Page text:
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Graded Quantifiers

many/much, more, most
few, fewer, fewest
little, less, least

All quantifiers are determiners that express quantity, sometimes exact. But with graded quantifiers we can express approximate quantity on a relative scale (rising ➚ and falling ➘). (This idea is similar to adjectives such as big, bigger, biggest or small, smaller, smallest.) Also note, in the following table, that four of these quantifiers are used with countable nouns (C), four with uncountable nouns (U) and two with both.

quantifier comparative superlative
increasing
C many more most
U much
decreasing
C few fewer fewest
U little less least

many/much

The quantifiers many and much mean "a large quantity of". We use many with countable nouns and much with uncountable nouns:

  • Were there many people at the party? Was it busy?
  • We don't have much time left so let's go soon.
Note that we tend to use many/much in negative and question sentences. For positive sentences, especially in informal English, we prefer a lot of, or (very informal) lots of.
    C U
+ I've got a lot of eggs a lot of rice
- I haven't got many eggs much rice
? Have you got many eggs? much rice?

more, most

Many/much (and few/little) are unusual determiners because they have comparative and superlative forms. The comparative form of many/much is more; and the superlative form of many/much is most. We can use more and most with countable and uncountable nouns.

Look at these example sentences:

  • Many people use the Internet and more people join every year.
  • Last year there was a lot of crime, but there is even more crime this year.
  • Whoever has most points is the winner.
  • Since you have the most money, why don't you pay?

few/little

The quantifiers few and little mean "a small quantity of". We use few with countable nouns and little with uncountable nouns:

  • There were few people in the shop so it didn't take long.
  • There is little chance that he will come now so let's go home.

few/little versus a few/a little

Notice that few and little have a "negative" sense:

  • He had few friends. (So he was quite lonely.)
  • We have little time left. (Just a couple of minutes. Let's go!)

Adding the indefinite article a changes the emphasis to more "positive":

  • He had a few friends. (So he wasn't too lonely.)
  • We have a little time. (A bit of time. Let's grab a snack.)

fewer/fewest, less/least

The comparative form of few is fewer; and the superlative form of few is fewest. We use them with countable nouns:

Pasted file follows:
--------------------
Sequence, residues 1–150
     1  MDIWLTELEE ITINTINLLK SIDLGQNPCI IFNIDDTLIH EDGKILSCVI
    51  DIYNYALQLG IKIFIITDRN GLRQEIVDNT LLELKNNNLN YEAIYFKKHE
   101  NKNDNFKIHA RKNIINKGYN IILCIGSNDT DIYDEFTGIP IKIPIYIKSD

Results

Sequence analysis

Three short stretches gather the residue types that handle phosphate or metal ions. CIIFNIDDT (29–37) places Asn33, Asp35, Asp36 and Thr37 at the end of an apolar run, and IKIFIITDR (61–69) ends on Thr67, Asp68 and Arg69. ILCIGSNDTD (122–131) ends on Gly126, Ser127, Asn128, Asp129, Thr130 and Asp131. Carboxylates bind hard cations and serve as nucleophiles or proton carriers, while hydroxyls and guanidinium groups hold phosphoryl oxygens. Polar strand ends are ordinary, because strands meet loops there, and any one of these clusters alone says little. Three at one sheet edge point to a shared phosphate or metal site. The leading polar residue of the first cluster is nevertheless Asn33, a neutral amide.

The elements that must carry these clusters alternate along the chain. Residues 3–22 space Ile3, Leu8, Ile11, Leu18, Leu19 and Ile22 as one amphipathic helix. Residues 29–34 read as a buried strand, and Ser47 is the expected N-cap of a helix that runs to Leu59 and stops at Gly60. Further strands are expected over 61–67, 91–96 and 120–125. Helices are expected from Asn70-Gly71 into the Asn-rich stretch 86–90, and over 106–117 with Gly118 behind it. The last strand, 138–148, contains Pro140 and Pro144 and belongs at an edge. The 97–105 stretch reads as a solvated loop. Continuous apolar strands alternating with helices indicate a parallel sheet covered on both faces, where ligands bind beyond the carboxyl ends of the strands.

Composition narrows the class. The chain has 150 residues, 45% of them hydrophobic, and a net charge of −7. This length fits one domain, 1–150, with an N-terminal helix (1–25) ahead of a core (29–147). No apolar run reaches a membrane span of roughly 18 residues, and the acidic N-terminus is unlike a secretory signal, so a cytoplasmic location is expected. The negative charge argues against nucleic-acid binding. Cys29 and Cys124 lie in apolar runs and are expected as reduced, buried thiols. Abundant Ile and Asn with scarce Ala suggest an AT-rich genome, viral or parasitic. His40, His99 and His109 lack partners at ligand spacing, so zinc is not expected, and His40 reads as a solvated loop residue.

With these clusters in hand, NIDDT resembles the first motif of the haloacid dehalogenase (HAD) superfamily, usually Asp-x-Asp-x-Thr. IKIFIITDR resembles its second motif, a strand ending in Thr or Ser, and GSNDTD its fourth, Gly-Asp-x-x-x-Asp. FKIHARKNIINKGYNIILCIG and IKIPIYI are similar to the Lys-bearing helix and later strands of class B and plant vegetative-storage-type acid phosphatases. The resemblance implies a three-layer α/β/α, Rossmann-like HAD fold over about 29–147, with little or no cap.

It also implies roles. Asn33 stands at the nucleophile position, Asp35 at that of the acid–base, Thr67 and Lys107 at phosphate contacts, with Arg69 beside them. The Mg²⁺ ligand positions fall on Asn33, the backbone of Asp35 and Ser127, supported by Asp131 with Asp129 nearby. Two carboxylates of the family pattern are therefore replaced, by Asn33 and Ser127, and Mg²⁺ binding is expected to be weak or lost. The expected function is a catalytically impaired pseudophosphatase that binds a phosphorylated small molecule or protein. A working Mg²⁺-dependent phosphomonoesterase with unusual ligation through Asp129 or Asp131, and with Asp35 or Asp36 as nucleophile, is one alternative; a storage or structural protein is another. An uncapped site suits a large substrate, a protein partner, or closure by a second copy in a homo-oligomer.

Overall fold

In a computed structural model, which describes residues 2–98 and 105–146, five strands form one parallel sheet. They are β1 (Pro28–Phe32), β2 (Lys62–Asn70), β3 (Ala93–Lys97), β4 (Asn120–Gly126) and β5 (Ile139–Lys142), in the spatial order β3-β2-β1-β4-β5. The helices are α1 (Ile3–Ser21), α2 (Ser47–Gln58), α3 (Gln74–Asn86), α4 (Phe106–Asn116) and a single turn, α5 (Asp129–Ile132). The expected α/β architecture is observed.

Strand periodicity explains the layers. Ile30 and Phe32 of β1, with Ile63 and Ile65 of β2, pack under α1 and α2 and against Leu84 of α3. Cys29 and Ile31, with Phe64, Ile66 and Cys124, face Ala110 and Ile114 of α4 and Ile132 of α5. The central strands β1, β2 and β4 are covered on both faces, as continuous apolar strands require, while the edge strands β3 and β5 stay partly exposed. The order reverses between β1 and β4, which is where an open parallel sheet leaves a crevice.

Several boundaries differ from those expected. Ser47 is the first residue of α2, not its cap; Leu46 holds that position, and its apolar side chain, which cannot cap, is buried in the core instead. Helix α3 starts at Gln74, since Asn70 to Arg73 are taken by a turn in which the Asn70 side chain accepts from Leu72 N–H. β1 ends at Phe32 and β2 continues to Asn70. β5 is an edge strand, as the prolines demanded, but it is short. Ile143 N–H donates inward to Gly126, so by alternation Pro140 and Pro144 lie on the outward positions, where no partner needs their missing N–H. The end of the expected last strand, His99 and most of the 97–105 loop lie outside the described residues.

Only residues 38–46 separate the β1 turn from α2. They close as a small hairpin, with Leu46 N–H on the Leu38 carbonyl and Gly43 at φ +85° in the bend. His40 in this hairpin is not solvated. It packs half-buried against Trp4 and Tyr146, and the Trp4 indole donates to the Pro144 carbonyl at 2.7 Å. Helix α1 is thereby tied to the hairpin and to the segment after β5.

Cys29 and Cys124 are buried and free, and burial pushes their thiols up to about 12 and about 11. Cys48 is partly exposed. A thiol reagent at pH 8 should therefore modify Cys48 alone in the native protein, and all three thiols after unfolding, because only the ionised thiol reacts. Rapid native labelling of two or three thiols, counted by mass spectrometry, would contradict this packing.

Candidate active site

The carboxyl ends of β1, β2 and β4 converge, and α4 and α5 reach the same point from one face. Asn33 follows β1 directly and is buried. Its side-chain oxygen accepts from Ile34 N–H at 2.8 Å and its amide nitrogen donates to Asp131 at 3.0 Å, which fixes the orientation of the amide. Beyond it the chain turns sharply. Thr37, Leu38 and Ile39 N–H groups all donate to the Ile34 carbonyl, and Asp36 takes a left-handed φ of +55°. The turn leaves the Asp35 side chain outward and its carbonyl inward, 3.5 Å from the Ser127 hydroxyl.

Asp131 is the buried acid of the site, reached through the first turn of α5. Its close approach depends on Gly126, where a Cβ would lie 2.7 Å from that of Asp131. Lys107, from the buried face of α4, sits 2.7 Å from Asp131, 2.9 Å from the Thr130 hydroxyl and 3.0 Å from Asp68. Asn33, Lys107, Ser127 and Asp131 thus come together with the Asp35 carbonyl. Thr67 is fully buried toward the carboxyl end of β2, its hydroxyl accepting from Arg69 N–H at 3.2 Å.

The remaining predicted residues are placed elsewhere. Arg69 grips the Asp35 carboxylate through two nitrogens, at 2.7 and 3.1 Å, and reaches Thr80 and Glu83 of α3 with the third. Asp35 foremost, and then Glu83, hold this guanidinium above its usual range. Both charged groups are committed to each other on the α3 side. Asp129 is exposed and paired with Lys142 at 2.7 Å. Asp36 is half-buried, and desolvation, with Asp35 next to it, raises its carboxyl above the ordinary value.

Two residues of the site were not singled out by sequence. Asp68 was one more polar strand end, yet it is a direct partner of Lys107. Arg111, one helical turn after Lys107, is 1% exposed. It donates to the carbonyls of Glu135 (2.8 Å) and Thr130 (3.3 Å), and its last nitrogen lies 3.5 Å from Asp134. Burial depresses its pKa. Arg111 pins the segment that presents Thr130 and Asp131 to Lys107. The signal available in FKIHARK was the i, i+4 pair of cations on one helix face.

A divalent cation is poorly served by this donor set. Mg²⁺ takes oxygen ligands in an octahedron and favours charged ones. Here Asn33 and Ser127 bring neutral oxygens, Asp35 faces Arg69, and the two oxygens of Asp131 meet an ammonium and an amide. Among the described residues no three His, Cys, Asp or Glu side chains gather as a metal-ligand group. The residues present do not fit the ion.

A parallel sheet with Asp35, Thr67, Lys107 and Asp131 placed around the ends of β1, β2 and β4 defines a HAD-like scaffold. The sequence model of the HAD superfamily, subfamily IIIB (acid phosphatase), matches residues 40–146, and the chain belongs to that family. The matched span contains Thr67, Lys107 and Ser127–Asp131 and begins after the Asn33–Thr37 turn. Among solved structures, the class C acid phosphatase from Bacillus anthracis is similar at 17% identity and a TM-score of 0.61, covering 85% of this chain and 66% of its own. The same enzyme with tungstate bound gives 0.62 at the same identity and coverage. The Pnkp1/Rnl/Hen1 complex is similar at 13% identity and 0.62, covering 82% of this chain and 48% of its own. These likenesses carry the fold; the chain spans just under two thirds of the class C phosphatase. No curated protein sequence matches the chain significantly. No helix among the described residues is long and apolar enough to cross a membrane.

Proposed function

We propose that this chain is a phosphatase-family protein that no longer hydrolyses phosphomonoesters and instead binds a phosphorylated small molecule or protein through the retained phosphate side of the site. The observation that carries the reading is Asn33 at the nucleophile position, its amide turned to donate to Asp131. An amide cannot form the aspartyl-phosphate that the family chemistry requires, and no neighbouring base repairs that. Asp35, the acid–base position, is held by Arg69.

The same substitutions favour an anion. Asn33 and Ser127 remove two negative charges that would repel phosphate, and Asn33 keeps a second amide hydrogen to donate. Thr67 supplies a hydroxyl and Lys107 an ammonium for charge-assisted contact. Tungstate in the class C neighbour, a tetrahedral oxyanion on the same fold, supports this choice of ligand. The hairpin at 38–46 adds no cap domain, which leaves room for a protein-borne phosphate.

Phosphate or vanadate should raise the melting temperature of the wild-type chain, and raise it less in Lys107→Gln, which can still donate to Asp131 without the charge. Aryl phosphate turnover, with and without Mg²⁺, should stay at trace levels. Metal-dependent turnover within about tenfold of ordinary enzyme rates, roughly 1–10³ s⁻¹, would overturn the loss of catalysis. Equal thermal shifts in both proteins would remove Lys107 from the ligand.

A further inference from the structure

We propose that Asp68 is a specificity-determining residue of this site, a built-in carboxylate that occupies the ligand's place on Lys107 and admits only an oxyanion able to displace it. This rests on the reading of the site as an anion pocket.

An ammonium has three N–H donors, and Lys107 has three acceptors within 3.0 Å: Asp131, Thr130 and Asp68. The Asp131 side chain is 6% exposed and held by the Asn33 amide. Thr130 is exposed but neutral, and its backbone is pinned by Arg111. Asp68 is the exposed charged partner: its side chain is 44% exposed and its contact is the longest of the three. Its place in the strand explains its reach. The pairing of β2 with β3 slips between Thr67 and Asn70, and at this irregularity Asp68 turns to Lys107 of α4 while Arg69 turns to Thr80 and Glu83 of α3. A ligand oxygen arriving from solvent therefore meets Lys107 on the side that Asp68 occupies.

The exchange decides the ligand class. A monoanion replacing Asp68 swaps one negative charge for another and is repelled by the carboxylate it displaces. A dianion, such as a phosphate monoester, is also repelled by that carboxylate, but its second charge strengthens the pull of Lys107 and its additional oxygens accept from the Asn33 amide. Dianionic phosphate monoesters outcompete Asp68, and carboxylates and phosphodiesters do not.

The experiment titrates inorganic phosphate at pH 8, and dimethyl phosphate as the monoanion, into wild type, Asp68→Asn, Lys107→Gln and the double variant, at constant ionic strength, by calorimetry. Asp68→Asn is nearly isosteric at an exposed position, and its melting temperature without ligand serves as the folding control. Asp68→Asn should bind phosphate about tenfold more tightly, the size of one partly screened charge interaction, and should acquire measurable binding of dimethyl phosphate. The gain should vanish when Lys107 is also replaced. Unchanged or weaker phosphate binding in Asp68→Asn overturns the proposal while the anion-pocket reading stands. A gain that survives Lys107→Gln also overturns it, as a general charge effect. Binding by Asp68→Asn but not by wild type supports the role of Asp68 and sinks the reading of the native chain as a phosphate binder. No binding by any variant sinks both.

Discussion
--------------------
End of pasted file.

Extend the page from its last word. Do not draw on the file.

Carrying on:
• There were few visitors last week but there are even fewer visitors this week.
  • If Tara has the fewest jobs to do, she can help the others.

The comparative form of little is less; and the superlative form of little is least. We use them with uncountable nouns:

  • The run took little time last week and even less time this week.
  • Eric has the least work to do so he can help you.
Although less is correctly used with uncountable nouns only, many native speakers now also use it with countable nouns, especially in informal English:
  • Less people came this time.
Don’t confuse the determiner/quantifier little with the adjective little (meaning "small"), which can be used with countable nouns:
determiner There is little time left.
adjective I have a little dog.

Example Sentences

Look at some more example sentences showing graded quantifiers in context:

  • Many people agreed with me.
  • Are there many cars outside?
  • I don't have many books.
  • She used too much makeup.*
  • They can't deliver today. There is too much snow.*
  • I don’t have much work to do.
  • More people will come if you advertise.
  • There is more money in my account than I expected.
  • Most winters are warmer than this.
  • Jackie got the most points.
  • Few people can lift their own bodyweight—perhaps less than five per cent.
  • There are fewer old cars on the roads these days; more and more people prefer to buy new.
  • This year we've had the fewest hurricanes on record.
  • There's little doubt that the climate is getting warmer.
  • Is it true that a policeman earns less money than a politician?
  • It's not fair! I did the most work and I got the least money.

*Note that you can add too before many or much to indicate an excess amount.